This painter of historical subjects and portraits was born in London in 1817 to a maker of musical instruments. Apprenticed at the age of 10 to William Behnes, a sculptor, he entered the Royal Academy Schools in 1835. Watts was actually exhibiting at the Royal Academy by 1837, and in 1843 one of his pictures won a £300 prize in the Westminster Hall competition. With this prize money, Watts visited Italy, where he stayed in Florence with his friends Lord and Lady Holland. On his return to London in 1847 he was awarded the £500 first prize in the House of Lords' painting competition.
Despite the artistic stature Watts had attained, a dearth of commissions deeply depressed him. His poor financial condition depleted his confidence, and in 1850 he went to become the family guest of Mr. and Mrs. Thoby Prinsep at Little Holland House. There he remained until 1875.
Elected Associate of the Royal Academy, then Member in 1867, Watts' pictures were not hugely popular either with the critics or the public and it was not until the 1880s that his painting began to achieve popular recognition. At this time, exhibitions of his work were held in Manchester, London and New York, thus quickly establishing him as a leading Victorian painter. Finally he threw off his 25-year depression, though he remained a bitter man, twice refusing a baronetcy but finally accepting the Order of Merit.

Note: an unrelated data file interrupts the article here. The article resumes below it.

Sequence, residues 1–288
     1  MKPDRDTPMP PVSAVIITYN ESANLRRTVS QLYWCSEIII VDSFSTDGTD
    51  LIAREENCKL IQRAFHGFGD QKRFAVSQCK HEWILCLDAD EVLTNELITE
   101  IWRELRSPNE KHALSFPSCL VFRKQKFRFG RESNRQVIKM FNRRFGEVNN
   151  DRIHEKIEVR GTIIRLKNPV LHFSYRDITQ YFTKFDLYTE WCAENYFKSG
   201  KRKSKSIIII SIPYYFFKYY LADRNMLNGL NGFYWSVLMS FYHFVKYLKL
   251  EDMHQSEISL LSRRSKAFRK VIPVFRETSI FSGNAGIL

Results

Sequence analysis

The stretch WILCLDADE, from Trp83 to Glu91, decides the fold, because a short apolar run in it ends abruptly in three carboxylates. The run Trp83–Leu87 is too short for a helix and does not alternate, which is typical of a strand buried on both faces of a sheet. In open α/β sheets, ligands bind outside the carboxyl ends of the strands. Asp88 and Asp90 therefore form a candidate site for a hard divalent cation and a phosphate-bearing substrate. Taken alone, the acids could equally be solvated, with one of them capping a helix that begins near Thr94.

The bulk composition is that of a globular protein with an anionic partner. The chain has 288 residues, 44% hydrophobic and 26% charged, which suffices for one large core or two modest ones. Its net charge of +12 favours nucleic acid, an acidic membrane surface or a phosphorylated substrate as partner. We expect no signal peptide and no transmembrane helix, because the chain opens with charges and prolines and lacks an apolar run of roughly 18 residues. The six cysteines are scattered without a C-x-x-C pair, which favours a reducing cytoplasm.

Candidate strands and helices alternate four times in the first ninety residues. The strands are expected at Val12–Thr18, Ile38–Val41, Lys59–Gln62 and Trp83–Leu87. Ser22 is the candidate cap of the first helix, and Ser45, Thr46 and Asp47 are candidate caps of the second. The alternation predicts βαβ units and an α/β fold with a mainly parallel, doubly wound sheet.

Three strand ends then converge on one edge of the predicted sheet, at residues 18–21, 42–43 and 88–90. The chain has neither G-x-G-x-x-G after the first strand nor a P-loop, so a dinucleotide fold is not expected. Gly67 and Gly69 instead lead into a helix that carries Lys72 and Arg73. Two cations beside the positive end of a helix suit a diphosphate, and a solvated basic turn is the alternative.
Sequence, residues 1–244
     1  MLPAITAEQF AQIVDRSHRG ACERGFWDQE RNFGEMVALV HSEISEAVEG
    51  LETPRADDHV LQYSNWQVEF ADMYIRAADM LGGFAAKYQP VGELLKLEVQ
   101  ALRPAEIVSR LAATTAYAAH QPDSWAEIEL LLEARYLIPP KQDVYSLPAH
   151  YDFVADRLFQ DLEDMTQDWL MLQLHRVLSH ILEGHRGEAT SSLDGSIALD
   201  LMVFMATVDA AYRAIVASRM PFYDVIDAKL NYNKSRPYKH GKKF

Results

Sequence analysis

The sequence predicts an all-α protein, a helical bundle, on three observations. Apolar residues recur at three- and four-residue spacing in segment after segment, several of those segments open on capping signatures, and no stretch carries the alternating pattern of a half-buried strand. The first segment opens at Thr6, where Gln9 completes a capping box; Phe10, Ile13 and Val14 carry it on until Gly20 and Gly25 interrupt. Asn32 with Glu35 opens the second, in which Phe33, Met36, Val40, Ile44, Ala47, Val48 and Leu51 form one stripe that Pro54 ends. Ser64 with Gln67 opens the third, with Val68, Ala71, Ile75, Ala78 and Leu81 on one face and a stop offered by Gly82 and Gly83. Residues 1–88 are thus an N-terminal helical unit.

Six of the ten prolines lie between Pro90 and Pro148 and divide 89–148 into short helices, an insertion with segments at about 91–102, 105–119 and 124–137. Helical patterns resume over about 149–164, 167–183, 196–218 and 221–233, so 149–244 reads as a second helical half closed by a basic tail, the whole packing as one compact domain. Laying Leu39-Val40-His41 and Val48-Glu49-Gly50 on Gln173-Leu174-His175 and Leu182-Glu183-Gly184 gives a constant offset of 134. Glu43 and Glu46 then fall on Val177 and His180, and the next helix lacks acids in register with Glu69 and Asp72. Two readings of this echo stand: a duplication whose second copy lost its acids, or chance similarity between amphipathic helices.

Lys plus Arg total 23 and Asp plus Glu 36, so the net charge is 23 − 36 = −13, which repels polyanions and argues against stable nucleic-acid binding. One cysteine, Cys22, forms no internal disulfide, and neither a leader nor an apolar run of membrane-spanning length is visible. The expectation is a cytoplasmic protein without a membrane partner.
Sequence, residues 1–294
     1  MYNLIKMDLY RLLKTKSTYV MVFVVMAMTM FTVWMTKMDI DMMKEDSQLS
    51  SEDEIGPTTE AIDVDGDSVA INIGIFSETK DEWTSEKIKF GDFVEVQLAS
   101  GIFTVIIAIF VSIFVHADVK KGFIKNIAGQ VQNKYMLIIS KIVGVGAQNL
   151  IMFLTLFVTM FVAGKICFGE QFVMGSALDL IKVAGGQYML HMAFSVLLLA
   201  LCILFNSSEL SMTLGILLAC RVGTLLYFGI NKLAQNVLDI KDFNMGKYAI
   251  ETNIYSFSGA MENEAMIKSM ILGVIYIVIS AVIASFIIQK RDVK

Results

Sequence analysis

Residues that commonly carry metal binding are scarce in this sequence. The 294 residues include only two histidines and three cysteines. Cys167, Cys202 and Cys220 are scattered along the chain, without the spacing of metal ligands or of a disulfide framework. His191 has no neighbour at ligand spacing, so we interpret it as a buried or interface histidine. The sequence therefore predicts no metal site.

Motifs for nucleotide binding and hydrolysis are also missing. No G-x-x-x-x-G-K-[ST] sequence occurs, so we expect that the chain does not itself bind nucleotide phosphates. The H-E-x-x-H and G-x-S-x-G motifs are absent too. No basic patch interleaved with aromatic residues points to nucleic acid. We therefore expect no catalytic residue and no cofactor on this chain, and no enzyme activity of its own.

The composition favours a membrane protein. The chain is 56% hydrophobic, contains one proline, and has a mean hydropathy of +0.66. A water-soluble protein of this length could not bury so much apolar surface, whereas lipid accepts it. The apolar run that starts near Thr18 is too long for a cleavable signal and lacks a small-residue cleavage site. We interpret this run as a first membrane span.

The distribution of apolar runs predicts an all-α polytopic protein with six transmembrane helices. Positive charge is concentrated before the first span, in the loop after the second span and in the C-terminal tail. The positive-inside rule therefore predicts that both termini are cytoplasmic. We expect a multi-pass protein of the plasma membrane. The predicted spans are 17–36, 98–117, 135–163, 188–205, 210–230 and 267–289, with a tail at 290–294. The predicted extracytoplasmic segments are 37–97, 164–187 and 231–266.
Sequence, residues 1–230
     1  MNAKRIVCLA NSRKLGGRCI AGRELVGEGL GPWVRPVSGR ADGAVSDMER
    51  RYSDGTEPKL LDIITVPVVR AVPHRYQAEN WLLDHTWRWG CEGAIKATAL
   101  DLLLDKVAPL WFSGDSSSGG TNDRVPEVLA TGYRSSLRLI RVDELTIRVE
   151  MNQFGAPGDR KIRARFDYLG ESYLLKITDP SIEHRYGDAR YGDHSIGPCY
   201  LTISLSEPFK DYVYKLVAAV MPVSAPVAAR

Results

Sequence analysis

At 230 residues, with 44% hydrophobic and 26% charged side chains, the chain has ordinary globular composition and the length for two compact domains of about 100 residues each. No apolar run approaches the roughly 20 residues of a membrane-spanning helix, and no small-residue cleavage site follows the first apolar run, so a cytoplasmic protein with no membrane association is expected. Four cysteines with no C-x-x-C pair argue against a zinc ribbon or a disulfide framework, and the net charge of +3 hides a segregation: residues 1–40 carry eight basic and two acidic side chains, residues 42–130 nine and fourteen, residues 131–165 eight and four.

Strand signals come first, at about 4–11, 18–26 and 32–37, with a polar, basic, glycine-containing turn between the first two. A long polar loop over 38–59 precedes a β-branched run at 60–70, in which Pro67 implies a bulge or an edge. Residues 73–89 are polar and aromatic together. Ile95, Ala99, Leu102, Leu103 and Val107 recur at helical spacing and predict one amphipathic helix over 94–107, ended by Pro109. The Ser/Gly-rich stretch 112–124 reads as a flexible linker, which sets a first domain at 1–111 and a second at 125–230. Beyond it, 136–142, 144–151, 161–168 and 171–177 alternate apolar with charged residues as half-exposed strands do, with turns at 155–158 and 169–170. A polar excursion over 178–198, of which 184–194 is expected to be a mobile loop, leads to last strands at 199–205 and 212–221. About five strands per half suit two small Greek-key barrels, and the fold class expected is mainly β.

In 1864 Watts was briefly married to the famous actress Ellen Terry, who was the model for Choosing. The brevity of this relationship was probably accountable to Watts' impending depression. In 1886 he married Mary Fraser Tytler and soon afterwards they built a house together near Guildford, which is now the Watts Museum. Watts' work was exhibited at the Royal Academy, the British Institute, the Society of British Artists, the Grosvenor Gallery and the New Gallery. Watts said of his own paintings: "I paint ideas, not things." He remained an isolated figure, founded no school, and is well known for his fine and discerning portraits. Watts died in 1904 and is now considered to be one of the greatest artists of the nineteenth century. His work was central to a major exhibition on the Symbolists at the Tate Gallery in 1998.
George Frederic Watts
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